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Cold hardy palms and cycads for SC Oklahoma 7b


Jerrrod

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3 hours ago, Collectorpalms said:

Two ways. google NOWDATA ( Followed by Your National Weather Service office) , 

https://www.weather.gov/wrh/climate?wfo=RAH

Or go directly to your NWS homepage. https://www.weather.gov/rah/ then go to Climate and Past Weather, which is located above the Forecast map box with counties and warning and watches.

You can pick a location under the option, or you can "View Map" if you want see location near you.

To get several years of data, Click the City, Then click Monthly summarized data, The "year Range" some cities have 100 years of data, some cities stopped reporting, and some are newer stations with only the most recent year. "Variable" is going to be Min Temperature, and then "Summary" Daily Minimum.

Thanks for this, it's what I've been looking for and told by locals that I have to watch out for the really cold stuff every 20 years or so. Sort of like the creeper.

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Plant Trachycarpus fortunei, wagnerianusSabal minor, birmingham, louisiana and Rhaphidophyllum hystrix as your main palms and plant everything else mentioned except maybe filifera as a possible die palm unless you protect.

Edited by Allen
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YouTube https://www.youtube.com/@tntropics - 60+ In-ground 7A palms - (Sabal) minor(7 large + 27 seedling size, 3 dwarf),  brazoria(1) , birmingham(4), etonia (1) louisiana(5), palmetto (1), riverside (1),  (Trachycarpus) fortunei(7), wagnerianus(1),  Rhapidophyllum hystrix(7),  15' Mule-Butia x Syagrus(1),  Blue Butia capitata(1) +Tons of tropical plants.  Recent Yearly Lows -1F, 12F, 11F, 18F, 16F, 3F, 3F, 6F, 3F, 1F, 16F, 17F, 6F, 8F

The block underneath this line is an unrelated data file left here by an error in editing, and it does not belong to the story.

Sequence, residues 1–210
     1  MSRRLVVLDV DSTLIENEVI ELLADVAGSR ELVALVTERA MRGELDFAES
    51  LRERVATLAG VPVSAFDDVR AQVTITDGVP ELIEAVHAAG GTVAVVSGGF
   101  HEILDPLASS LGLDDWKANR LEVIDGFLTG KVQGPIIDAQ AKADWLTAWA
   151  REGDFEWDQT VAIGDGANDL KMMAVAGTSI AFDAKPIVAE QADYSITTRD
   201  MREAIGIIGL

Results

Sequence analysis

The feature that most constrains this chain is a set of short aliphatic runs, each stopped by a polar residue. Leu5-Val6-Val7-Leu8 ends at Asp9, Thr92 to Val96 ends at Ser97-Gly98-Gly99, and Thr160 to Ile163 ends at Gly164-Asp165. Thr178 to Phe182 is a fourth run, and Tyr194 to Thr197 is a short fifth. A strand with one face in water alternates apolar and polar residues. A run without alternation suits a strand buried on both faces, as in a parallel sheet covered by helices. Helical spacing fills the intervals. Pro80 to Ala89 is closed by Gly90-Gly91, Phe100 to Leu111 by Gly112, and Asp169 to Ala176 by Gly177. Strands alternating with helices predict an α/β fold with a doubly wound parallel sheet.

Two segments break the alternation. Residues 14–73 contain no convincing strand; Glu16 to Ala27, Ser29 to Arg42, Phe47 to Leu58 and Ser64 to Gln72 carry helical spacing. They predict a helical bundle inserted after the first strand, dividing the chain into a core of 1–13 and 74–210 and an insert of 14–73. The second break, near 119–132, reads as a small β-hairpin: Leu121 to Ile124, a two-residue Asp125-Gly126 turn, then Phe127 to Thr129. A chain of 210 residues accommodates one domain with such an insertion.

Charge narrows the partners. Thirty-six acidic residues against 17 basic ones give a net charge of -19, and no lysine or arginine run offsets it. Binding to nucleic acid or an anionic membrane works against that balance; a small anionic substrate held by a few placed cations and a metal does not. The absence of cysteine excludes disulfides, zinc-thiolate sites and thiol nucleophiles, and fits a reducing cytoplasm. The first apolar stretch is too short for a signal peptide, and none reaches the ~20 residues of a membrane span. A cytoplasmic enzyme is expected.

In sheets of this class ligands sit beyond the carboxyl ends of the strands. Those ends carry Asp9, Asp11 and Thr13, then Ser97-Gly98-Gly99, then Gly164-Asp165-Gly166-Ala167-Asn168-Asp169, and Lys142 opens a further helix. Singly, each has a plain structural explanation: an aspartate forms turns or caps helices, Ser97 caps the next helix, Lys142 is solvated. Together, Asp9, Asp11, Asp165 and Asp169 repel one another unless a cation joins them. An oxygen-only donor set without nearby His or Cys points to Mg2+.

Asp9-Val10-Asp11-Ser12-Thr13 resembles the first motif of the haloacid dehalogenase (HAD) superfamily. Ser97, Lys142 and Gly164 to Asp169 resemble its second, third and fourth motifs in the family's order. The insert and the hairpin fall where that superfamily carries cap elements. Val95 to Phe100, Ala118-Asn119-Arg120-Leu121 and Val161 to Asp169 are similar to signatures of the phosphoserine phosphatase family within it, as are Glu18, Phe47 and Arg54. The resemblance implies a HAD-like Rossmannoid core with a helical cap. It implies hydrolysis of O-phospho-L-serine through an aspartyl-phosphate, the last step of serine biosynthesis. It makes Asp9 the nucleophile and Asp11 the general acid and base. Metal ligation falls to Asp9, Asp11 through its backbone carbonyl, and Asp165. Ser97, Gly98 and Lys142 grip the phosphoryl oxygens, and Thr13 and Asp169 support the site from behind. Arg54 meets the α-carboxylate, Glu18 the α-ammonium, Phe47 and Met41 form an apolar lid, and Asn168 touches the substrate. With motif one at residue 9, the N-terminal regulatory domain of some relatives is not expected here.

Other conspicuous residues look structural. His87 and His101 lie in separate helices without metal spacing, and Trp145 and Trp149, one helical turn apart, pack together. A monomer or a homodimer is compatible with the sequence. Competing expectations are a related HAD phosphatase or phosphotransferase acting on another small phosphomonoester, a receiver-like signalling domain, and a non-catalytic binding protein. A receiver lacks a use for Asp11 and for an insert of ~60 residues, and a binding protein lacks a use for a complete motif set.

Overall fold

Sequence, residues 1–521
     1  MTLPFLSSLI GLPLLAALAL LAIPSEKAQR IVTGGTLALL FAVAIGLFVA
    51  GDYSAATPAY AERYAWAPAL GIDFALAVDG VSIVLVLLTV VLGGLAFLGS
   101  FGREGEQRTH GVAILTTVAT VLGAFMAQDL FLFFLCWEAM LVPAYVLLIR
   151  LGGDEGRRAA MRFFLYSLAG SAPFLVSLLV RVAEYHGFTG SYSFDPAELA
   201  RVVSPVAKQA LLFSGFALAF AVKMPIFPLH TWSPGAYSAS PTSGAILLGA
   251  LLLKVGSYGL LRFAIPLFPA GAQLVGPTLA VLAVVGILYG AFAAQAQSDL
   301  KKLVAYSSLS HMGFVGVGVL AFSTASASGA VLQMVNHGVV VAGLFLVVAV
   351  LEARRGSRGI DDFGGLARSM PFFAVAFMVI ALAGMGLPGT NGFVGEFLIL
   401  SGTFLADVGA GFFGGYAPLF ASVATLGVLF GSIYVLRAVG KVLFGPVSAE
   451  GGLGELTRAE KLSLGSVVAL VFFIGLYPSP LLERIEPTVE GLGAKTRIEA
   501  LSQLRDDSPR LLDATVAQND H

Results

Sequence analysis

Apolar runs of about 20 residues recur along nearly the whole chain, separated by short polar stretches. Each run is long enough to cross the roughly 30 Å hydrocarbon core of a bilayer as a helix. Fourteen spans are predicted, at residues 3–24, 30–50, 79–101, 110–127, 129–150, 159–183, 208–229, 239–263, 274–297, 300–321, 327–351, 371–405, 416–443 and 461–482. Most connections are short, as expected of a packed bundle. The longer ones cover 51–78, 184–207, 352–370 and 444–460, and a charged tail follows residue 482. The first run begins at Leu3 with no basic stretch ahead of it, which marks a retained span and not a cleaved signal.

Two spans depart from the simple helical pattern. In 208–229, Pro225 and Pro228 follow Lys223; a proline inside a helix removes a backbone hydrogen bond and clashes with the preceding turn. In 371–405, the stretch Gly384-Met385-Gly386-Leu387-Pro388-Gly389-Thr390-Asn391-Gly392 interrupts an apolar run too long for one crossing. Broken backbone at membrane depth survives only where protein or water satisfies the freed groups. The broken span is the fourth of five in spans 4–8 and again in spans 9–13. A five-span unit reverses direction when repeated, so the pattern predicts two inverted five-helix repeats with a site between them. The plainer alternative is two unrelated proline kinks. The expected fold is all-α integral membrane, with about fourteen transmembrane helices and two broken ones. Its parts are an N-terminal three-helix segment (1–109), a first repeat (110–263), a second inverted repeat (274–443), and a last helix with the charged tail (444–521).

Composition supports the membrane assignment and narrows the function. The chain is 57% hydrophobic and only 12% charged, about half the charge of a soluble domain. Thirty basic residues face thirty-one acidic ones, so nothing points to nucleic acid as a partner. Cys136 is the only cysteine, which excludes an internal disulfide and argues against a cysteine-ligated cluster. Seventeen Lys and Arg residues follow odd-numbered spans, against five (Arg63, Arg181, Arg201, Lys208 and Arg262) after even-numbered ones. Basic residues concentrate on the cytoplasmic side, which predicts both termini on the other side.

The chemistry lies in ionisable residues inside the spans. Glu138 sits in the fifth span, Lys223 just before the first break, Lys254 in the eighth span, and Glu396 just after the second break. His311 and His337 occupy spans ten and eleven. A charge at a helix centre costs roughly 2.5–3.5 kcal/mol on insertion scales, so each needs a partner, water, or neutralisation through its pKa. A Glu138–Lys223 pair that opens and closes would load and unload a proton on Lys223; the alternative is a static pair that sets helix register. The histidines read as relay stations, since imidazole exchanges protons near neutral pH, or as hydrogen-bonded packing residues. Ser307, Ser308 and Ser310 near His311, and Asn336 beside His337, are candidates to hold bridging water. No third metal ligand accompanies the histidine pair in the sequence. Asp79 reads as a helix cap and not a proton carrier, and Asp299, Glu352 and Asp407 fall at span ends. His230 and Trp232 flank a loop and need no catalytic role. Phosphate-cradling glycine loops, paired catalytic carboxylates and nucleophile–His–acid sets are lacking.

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I guess being in a borderline 8a/b I've never needed to consider just how hardy Trachycarpus are.  I've been reviewing the cold hardiness master data spreadsheet from Kinzyjr, it looks like you start taking casualties in the low teens for immature and single digits for mature specimens, but there are lots of cases of them surviving well into the low single digits.  Even 0f and below.  

I wonder how the trunking Sabal hybrids compare - I think mexicana and brazoriensis (texana/texensis?) are the two most hardy, of the trunking sabals?  Someone correct me please? 

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58 minutes ago, Jesse PNW said:

I guess being in a borderline 8a/b I've never needed to consider just how hardy Trachycarpus are.  I've been reviewing the cold hardiness master data spreadsheet from Kinzyjr, it looks like you start taking casualties in the low teens for immature and single digits for mature specimens, but there are lots of cases of them surviving well into the low single digits.  Even 0f and below.  

I wonder how the trunking Sabal hybrids compare - I think mexicana and brazoriensis (texana/texensis?) are the two most hardy, of the trunking sabals?  Someone correct me please?